It found that 73% believed the demand for extra hours reflected a patient "want" rather than genuine need.
Only one in four (27%) said they could sympathise with people wanting to fit a GP appointment into a busy schedule.
Nine out of 10 (89%) managers said the money could be better spent on other aspects of patient care, including addressing the needs of the elderly and those with chronic illnesses, developing practice premises and enhancing community services.
One of the managers surveyed said: "After 15 years in practice management, this is perhaps the most naked attempt by the Department of Health to assert political control over GPs, and the justification in terms of patient demand is wafer thin."
Around four in 10 (43%) managers said a single receptionist would be the only nonclinical member of staff present for extended hours in the evening.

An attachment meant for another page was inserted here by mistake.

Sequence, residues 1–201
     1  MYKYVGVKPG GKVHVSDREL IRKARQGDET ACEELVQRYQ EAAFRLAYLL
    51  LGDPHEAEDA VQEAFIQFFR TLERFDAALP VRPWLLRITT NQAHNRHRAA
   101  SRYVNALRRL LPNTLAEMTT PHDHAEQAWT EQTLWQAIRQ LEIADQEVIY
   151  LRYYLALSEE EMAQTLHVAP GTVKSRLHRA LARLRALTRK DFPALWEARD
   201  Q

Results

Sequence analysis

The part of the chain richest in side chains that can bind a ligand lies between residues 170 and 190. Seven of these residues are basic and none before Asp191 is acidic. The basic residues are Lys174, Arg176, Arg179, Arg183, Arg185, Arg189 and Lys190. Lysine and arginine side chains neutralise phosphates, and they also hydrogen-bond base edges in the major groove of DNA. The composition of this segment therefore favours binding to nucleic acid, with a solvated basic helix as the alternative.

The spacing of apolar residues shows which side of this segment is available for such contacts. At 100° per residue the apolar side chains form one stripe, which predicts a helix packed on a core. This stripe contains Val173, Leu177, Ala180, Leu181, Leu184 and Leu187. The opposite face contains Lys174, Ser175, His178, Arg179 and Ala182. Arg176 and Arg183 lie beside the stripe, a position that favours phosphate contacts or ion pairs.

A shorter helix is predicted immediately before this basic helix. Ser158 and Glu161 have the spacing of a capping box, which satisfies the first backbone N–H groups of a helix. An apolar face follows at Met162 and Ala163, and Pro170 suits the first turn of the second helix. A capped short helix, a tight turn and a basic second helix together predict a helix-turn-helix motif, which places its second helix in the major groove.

Six in 10 (60%) said just one GP would be working at these times.
For the full report of this Management in Practice survey, click here
What are your thoughts about the opening hours debate? Do you agree with the practice managers surveyed? Your comments: (Terms and conditions apply)
"Patients will always demand more of any service that is free. Such service is open to abuse. Our practice has had a Saturday opening for opportunistic screening for smears and immunisations but we were lucky if one person turns up. The NHS should concentrate on patients needs and not patients requirements. Money circulating within the NHS should be put to better use and not for political gains. I for one as a patient of a doctors practice and a full-time working individual would not want my doctor's surgery to be opened at the weekends or later than it is already." - V Henry, London N15
"Our patients are already happy with our opening hours. There is always a surgery over the lunch time and later appts. We are well served with walk-in centres and out-of-hours centres. Our GPs want to know who is going to pay the wages for the rest of the staff as they cannot work alone." - Angela, Wirral